Street Photography By William Murphy

Beds 1993 Bronze By Sculptor Fred Conlon

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I knew that this art installation existed but until today I had failed to find it. One problem was that I believed that it was named ’Two Children’ or ‘Two Girls’. In fact it is officially know as “Beds 1993”.

This bronze sculpture was commissioned by Dublin Corporation. It is set on the pavement beside ‘hop-scotch’ squares, indicating they are waiting to play. In Dublin city centre the word for for hopscotch was ‘Beds’. Apparently the game was also called “beds” in Glasgow.

Beds consisted of chalk lines that formed boxes and were numbered from 1 to 8.

Unfortunately I did not notice the ‘beds’ element of the installation when I photographed the sculpture.

I will return at a later date and try to get more complete images.


Fred Conlon (1943–2005) was an Irish sculptor.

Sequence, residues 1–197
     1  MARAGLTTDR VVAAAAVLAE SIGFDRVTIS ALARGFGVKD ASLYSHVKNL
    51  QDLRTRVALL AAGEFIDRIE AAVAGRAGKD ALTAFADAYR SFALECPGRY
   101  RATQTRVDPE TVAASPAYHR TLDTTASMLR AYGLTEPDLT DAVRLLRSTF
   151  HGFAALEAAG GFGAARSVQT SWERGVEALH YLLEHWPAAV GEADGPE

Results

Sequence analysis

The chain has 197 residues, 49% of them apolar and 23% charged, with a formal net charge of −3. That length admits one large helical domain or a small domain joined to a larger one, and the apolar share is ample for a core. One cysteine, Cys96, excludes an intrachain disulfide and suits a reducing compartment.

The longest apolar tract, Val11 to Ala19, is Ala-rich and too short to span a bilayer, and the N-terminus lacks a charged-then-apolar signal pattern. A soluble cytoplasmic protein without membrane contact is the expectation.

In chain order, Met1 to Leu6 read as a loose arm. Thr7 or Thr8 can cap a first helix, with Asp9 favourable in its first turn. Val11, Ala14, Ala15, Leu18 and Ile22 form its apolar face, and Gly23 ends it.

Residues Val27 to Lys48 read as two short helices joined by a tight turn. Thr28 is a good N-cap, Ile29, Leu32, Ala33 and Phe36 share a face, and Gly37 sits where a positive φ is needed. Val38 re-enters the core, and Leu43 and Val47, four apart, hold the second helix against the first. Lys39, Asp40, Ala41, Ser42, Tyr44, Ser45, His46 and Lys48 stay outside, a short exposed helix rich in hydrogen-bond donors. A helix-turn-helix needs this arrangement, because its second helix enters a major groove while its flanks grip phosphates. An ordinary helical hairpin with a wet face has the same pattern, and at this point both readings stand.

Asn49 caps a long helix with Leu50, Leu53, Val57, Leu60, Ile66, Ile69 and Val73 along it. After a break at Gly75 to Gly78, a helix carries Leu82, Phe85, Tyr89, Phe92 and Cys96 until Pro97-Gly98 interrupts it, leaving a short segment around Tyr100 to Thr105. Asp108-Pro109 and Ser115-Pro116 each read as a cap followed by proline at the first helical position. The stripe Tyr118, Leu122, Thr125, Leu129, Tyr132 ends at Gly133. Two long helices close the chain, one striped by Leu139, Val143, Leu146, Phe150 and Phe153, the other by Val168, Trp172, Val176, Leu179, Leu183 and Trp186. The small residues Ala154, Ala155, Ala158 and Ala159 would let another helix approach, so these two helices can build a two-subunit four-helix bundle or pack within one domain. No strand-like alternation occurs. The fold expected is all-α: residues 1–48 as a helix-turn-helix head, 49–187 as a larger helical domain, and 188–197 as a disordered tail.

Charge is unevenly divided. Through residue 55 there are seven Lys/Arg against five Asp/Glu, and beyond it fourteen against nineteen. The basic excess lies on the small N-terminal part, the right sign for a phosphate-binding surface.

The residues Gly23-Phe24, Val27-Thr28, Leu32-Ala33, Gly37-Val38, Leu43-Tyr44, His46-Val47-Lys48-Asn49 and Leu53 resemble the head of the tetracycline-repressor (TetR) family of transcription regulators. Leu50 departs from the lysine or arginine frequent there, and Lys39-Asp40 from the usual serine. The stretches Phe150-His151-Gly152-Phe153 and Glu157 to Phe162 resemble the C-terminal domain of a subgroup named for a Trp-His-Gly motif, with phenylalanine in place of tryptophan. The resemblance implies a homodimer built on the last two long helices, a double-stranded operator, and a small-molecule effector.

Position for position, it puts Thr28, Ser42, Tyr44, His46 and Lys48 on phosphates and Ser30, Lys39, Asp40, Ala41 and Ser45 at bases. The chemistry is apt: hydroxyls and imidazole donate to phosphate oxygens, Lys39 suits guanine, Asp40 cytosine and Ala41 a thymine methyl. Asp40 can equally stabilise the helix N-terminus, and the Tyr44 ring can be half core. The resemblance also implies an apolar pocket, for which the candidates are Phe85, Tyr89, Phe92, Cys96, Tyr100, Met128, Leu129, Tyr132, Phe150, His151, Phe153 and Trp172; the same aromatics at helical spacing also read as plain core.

Born in Killeenduff, Easky, County Sligo, where he was schooled, Conlon won a five year scholarship to the National College of Art and Design in 1960. Domhnail O'Murchadha, assistant Professor of Sculpture, encouraged him to complete a Sculpture Diploma. He then spent a year obtaining an Art Teachers Certificate and became a scupluture Associate of the College, where he stayed until 1972 apart from eighteen months as Art Teacher in Navan Vocational School.

In 1972 Conlon returned to Sligo to teach at the Sligo Vocational School for a year before becoming a Lecturer at the Sligo Regional Technical College (now Sligo Institute of Technology), where he helped to develop a diploma course in Art. For the next sixteen years he lectured in sculpture and drawing there until his early retirement 1989.

He worked full-time as a professional sculptor until early 2004 when a brain tumour (Glioma) was diagnosed. Although some 80% of the tumour was removed, Conlon was physically incapacitated and required extensive care for the remaining year of his life. During that year he worked on a video installation entitled Become.

Conlon's works include Millennium Garden Sculpture at Lucan Community College. He worked in stone, creating large abstract forms.

He exhibited with Independent Artists, Oireachtas, the Royal Hibernian Academy and Sculpture in context.